(WFRV) – You might notice a large piece of equipment flying overhead over the next few weeks. It is an important tool in keeping our groundwater safe.
“We have outdated maps, they used different techniques 30-40 years ago, and we do not have updated information” explains Rachel Rushmann with the Wisconsin Department of Agriculture, Trade and Consumer Protection.
Now, modern technology will help bring those maps up to date.
“What it is doing is measuring the depth to bedrock from the ground surface and identifying some other aquifer properties below the surface as well” she explains.
A low flying helicopter will tow an airborne sensor. According to Rushmann “it looks like a large hula hoop hanging from a cable”.
Accurate maps are critical for farmers and custom operators applying manure or chemicals.
“We have some really sensitive areas when it comes to groundwater contamination” Rushmann says.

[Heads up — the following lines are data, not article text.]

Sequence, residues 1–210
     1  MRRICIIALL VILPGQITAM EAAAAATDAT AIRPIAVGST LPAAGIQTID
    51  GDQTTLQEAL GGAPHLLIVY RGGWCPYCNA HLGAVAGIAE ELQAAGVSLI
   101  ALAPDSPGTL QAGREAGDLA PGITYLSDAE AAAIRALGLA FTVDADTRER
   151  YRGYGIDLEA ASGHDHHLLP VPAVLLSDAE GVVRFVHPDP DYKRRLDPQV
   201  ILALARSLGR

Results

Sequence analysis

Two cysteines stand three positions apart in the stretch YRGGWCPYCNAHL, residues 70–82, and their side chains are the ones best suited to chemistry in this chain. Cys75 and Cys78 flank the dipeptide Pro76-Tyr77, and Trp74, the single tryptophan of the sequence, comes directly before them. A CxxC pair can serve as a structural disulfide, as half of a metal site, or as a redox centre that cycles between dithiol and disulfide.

Updated maps will highlight potentially unknown weak points, where depth to Silurian bedrock is 20 feet or less. That is the marker for manure spreading restrictions to begin.
While Kewaunee County has some of the most sensitive soils in the state, the majority of it is not covered by this project. That is because it was already mapped in a recent bedrock survey.
According to Rushmann “We actually flew over an area of Kewaunee county and used it as a calibration and we are using that to make sure we are getting accurate results”.
This round covers communities in Brown, Calumet, Door, Fond du Lac, Kewaunee, Manitowoc, and Sheboygan counties.
“We hope with additional funding to cover additional areas in the state and update maps,” Rushmann says. “This will alleviate the need for private landowners to verify because they will have a very accurate map they can utilize”.
Learn more about the project at https://datcp.wi.gov/pages/programs_services/aemsurvey.aspx